As I was reading again in Tozer’s The Knowledge of the Holy earlier this week, I came across these two sentences in his chapter on God’s holiness:
Until we have seen ourselves as God sees us, we are not likely to be much disturbed over conditions around us as long as they do not get so far out of hand as to threaten our comfortable way of life. We have learned to live with unholiness and have come to look upon it as the natural and expected thing. [p. 103]
Tozer may be thinking about holiness in the life of our culture, but his comments apply even more readily to the state of our own personal holiness. As individuals, we are slow to grow in holiness (Christlikeness) when we cultivate apathy toward God in our hearts and become content with evidence that we are unholy.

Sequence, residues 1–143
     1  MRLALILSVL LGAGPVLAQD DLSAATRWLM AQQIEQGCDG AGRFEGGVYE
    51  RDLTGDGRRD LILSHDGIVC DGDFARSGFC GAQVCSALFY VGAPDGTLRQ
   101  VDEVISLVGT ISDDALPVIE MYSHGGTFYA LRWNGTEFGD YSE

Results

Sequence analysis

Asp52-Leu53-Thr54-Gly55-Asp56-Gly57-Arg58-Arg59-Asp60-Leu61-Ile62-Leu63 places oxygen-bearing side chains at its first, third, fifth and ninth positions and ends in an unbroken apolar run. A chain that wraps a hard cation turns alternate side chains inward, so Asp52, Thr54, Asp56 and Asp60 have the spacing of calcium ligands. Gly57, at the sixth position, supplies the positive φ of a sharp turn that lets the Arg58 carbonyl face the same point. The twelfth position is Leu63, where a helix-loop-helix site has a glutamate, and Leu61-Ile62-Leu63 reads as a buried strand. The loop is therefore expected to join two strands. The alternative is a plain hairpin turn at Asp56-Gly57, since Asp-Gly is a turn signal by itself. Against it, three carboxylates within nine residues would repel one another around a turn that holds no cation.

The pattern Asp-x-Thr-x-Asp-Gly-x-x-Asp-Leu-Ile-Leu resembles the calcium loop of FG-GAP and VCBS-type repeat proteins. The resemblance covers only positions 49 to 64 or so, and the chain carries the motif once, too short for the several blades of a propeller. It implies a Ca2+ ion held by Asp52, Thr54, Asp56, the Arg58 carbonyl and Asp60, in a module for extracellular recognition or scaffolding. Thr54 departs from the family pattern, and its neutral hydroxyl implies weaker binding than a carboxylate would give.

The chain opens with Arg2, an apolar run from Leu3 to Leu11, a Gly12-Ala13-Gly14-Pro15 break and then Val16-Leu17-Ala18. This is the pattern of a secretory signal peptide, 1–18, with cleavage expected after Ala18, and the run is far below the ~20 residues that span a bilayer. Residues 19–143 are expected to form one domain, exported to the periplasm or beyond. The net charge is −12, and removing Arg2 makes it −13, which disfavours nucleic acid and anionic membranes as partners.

Those are not only sober words of warning, but they infer the pathway to hope — cultivate a passion for Christ through a holy discontentment with sin.